Audio streaming and media service provider Spotify (SPOT) reported its first-quarter numbers Thursday morning. Results for the Europe-based firm were "iffy," and that's how Wall Street is treating the stock.
Spotify reported a GAAP loss of EUR0.25 per share, but beating consensus by impressively. Revenue generation for the period landed at EUR2.15 billion, in line with expectations and good for year-over-year growth of 16.2%.
While those numbers look to be OK, some of the numbers within do not. Let's explore.
Total monthly active users (MAUs) printed at 356 million, which was good enough for growth of 21%, and within the firm's own 354 million to 364 million guidance. That said, Wall Street was a little above 360 million on this metric, so this is being viewed as a miss. Ad-supported MAUs printed at 208 million versus the 210 million that investors were looking for as well. Premium subscribers increased 21%, which is more than solid but just in line with estimates.
One specific metric that I think really struck traders was average revenue per user (ARPU). This number contracted 7% for the period, landing at just EUR4.12 due to discounted plan offerings.
There was a bright spot, though. Gross margin hit the tape at 25.5%, above the 25.1% that the community of sell-side analysts had expected, and at the very top of Spotify's 23.5% to 25.5% guidance.
Moving ahead, Spotify offered guidance for both the second quarter as well as the full year.
For the second quarter the company expects revenue land in a range spanning EUR2.16 billion to EUR2.36 billion, around the Wall Street consensus of EUR2.27 billion, which is just above the midpoint and would amount to year-over-year growth of 11%, if realized.
Spotify looks for total MAUs of 366 million to 373 million, and total premium subscribers of 162 million to 166 million, reflecting growth rates that might not be exactly what growth investors expect, not to mention what they'll pay for. Gross margin is expected to fall back into a 23.6% to 25.6% range, while operating loss ends up anywhere from EUR-54 million to EUR-134 million.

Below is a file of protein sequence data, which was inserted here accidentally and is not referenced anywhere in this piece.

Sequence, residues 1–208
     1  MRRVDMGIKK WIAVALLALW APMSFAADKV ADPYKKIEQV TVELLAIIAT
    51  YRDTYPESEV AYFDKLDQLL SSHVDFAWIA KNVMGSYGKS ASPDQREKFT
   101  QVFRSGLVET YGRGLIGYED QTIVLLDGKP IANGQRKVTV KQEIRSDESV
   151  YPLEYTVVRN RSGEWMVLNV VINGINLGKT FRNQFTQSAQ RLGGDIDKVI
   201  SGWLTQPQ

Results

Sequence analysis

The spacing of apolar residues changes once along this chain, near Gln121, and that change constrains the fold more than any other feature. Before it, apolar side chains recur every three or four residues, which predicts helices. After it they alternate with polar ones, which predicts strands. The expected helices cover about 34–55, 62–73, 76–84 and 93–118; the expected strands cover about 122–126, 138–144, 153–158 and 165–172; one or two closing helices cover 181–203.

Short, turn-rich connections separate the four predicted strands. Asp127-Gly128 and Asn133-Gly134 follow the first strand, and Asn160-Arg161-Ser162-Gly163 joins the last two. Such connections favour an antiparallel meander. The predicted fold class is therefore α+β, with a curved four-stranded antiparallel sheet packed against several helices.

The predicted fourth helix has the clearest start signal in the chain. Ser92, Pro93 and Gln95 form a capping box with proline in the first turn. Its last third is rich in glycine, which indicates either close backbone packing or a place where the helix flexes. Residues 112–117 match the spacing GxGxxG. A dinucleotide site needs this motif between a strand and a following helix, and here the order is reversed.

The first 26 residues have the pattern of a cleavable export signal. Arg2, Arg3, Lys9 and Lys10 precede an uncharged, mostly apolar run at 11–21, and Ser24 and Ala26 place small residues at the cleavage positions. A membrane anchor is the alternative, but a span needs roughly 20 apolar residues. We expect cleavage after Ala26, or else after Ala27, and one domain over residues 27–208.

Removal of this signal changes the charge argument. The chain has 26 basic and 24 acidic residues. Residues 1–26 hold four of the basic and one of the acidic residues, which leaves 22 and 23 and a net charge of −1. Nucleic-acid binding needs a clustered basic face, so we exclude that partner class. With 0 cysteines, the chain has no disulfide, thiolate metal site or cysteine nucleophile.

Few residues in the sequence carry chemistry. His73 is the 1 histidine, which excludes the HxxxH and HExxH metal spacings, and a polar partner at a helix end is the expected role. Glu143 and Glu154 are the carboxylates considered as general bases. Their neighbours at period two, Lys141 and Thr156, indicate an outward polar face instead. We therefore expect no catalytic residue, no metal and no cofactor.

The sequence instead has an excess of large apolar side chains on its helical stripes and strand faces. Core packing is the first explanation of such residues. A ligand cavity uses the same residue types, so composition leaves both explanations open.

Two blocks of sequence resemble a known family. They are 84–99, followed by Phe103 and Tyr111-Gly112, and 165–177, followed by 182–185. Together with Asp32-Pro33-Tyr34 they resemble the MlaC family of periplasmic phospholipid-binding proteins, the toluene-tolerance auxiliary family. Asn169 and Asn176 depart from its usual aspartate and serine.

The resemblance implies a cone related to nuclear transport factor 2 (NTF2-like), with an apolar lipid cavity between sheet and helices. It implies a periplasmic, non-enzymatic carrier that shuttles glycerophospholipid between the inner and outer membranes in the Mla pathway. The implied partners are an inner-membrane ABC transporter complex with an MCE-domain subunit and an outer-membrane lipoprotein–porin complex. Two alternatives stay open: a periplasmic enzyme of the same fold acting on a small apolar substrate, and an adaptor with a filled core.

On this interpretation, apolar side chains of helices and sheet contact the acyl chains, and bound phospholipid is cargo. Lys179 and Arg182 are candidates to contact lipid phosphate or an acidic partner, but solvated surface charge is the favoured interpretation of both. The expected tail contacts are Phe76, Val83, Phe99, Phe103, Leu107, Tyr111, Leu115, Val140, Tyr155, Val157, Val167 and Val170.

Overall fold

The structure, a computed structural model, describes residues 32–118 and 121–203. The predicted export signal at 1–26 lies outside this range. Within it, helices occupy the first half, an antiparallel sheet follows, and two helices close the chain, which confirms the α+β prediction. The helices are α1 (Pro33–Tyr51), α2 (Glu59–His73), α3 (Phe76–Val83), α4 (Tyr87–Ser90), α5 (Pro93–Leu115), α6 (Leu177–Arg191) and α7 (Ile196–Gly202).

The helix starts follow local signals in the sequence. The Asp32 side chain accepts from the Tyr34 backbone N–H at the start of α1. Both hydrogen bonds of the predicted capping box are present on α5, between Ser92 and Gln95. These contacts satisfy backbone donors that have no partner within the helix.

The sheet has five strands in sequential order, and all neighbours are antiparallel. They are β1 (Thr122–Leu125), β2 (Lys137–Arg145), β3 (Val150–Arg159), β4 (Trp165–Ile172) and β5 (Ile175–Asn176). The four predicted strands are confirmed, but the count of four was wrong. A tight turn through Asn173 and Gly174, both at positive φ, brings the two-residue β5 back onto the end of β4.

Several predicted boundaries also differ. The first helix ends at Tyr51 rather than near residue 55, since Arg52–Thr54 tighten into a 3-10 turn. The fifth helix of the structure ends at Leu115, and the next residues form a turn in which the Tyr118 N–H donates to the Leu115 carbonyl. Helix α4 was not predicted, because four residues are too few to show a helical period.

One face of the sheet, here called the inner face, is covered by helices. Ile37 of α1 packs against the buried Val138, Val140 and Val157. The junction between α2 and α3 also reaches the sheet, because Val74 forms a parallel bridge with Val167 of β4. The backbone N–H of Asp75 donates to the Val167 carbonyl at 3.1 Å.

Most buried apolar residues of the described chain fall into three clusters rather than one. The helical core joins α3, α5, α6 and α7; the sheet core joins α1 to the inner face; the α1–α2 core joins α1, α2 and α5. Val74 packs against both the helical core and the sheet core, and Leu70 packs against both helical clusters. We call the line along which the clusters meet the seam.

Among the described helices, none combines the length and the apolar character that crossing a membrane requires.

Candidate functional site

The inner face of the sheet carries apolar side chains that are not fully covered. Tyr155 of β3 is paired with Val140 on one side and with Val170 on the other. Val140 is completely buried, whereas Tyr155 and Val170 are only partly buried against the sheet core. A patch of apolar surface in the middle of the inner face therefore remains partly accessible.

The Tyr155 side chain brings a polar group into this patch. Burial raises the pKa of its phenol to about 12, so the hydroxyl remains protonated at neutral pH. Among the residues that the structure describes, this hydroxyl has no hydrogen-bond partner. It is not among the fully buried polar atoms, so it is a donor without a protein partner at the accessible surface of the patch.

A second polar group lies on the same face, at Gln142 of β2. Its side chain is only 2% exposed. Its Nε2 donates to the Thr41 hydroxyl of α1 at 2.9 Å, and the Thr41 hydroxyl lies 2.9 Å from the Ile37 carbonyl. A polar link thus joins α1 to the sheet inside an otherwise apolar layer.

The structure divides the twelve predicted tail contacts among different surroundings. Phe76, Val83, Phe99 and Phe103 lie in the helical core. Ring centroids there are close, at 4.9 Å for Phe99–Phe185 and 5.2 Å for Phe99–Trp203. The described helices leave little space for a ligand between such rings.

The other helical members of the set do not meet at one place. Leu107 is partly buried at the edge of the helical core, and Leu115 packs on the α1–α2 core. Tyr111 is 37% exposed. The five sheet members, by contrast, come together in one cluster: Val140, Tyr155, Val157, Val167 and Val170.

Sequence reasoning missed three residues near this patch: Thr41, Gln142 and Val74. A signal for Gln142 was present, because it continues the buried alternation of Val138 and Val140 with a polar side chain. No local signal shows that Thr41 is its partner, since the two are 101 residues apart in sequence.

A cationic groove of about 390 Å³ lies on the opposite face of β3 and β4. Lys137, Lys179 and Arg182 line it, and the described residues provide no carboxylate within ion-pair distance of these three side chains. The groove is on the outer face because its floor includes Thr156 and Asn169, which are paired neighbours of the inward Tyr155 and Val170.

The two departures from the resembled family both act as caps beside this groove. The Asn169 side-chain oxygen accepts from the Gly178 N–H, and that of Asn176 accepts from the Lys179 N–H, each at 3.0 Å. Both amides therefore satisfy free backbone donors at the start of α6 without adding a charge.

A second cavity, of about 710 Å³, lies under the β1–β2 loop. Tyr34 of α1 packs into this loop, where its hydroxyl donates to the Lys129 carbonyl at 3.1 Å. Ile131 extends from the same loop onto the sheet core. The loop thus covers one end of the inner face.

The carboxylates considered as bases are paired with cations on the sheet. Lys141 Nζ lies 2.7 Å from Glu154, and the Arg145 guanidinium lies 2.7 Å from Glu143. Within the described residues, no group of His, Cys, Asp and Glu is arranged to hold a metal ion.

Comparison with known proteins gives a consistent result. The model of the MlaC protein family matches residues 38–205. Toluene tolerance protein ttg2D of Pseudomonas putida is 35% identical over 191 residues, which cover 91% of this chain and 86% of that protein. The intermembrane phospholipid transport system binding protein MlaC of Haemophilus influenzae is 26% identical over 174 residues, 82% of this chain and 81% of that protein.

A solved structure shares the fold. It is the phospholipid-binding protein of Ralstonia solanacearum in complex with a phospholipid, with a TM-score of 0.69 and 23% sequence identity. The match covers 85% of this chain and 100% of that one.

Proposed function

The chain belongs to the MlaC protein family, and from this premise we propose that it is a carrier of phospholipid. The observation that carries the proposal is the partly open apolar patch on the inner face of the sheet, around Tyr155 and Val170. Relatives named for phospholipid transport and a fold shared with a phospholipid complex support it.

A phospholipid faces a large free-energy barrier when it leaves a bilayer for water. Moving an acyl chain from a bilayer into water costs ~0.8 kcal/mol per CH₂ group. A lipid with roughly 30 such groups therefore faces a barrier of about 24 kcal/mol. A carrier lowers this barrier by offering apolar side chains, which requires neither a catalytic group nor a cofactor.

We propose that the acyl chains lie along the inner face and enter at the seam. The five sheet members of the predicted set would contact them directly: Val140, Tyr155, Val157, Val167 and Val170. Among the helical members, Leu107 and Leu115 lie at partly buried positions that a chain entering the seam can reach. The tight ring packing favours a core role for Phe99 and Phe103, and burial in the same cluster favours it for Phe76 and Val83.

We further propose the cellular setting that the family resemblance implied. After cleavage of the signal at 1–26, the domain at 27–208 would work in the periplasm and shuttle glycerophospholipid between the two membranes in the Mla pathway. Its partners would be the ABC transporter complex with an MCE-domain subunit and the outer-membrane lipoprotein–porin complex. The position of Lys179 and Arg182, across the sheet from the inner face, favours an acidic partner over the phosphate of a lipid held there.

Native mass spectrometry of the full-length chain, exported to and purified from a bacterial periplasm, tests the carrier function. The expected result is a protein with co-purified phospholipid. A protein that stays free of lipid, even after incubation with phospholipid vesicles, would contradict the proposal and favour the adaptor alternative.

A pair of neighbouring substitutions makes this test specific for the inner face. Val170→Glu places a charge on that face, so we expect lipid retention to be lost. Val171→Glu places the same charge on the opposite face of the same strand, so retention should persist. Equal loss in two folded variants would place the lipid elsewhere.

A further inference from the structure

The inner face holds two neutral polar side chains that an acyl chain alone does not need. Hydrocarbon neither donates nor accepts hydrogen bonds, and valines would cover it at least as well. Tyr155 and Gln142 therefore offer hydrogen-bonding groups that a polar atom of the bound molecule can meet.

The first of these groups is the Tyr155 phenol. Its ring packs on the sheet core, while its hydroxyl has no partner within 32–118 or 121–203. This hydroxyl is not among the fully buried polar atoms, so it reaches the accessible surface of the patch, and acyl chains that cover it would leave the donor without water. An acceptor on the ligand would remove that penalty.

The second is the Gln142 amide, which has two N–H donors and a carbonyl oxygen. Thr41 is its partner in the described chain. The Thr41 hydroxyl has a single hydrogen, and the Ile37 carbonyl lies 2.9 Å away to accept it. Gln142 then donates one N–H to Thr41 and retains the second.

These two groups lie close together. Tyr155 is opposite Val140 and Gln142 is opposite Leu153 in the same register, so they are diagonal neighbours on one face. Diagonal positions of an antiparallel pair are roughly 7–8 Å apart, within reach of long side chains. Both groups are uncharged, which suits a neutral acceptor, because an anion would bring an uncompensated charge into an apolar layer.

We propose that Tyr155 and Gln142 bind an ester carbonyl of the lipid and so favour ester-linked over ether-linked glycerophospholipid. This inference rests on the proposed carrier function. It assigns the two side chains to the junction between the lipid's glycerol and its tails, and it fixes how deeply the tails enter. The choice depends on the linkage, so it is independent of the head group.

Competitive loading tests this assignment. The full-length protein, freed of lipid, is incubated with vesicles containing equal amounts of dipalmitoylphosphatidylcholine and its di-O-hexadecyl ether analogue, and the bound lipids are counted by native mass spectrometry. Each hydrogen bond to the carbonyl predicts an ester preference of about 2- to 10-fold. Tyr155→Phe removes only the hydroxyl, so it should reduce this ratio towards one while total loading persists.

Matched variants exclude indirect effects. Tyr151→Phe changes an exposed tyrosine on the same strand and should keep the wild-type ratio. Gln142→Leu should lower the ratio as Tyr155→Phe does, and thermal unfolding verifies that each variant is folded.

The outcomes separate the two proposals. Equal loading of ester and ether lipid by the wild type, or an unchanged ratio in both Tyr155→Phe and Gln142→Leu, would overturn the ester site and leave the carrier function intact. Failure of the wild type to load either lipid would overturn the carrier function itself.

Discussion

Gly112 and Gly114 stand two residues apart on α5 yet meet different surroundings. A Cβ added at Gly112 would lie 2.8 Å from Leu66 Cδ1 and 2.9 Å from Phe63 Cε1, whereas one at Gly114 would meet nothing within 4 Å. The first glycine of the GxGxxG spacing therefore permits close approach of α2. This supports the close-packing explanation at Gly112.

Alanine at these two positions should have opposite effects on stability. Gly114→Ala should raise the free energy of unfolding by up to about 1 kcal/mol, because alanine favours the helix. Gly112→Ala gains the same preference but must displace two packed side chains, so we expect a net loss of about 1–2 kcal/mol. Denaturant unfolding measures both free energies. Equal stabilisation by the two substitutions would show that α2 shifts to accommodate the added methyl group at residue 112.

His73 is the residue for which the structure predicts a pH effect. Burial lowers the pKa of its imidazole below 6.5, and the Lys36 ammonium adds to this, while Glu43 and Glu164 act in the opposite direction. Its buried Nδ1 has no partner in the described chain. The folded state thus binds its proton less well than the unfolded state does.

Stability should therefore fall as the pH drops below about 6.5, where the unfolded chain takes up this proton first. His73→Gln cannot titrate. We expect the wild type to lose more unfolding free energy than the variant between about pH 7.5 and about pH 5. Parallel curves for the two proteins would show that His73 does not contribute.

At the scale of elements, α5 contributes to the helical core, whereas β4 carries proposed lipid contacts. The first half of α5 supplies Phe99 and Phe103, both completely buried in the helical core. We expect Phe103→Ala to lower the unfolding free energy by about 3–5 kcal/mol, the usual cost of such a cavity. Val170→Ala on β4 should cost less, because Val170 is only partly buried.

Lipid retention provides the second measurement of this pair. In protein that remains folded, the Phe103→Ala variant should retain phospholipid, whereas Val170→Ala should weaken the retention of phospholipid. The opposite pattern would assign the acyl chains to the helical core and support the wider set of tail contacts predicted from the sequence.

As for full-year 2021, the company expects to do even less to impress. Spotify lowered its projected MAU range to 402 million to 404 million, due to the soft rate of growth for the past quarter. However, it does see premium subscribers rising to 172 million to 184 million, and revenue advancing to EUR9.11 billion to EUR9.51 billion, which is an increase in guidance. Spotify also sees full-year gross margin improving to 24% to 26%. Unfortunately, operating loss is still projected at EUR200 million to EUR300 million.
I have only seen one analyst react to this release. Jessica Reif Cohen of Bank of America Merrill Lynch, rated at three stars by Tip Ranks, has reiterated a "buy" rating with a $428 price target. However, Mark Zgutowicz of Rosenblatt Securities, rated at five stars, reiterated his "buy" rating Tuesday ahead of the numbers with a $425 price target.
I don't see it. A global company based in Europe not hitting targets during a time where many economies are, or have been locked down?
This is streaming entertainment. Are you going to do better when folks are out and about, going to work and doing everything that they used to do? I seriously have doubts.
It's not like the product is superior and there is plenty of extremely well-funded competition. My wife and I both started out on Spotify when streaming music became a thing. We have both moved on. I now listen to Amazon (AMZN) Music, which I prefer, and my wife returned to Apple (AAPL) Music as she was always a big fan of iTunes back when people actually bought music.
This chart has problems.
The lone positive? The gap created Wednesday morning has a chance, as I always preach, to eventually fill as gaps usually do. That said, Relative Strength is doing a nose dive, and the daily Moving Average Convergence Divergence (MACD) is poised for a bearish crossover. That's not the worst, though.
The worst is the fact that Wednesday's morning's selloff has violated all three of my most focused upon moving averages.
Down goes the 21-day exponential moving average (EMA), and with it the swing traders.
Down goes the 50-day simple moving average (SMA) and with it the portfolio managers whose risk managers will demand action on such an occurrence.
Down goes the 200-day SMA, and with it the portfolio managers who might have toughed it out had at least one of these averages held.
This is a company that does not make money, is not growing quickly, and up against deep-pocketed competition. Other than that the outlook is rosy.
Would I buy this stock? Not with your money. Even if I didn't like you. Nothing but risk.